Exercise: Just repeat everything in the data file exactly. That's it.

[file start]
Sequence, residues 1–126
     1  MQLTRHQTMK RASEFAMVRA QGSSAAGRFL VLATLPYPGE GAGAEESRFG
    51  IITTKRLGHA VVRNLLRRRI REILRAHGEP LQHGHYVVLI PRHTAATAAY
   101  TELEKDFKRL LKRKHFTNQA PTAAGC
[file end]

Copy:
Sequence, residues 1–126
     1  MQLTRHQTMK RASEFAMVRA QGSSAAGRFL VLATLPYPGE GAGAEESRFG
    51  IITTKRLGHA VVRNLLRRRI REILRAHGEP LQHGHYVVLI PRHTAATAAY
   101  TELEKDFKRL LKRKHFTNQA PTAAGC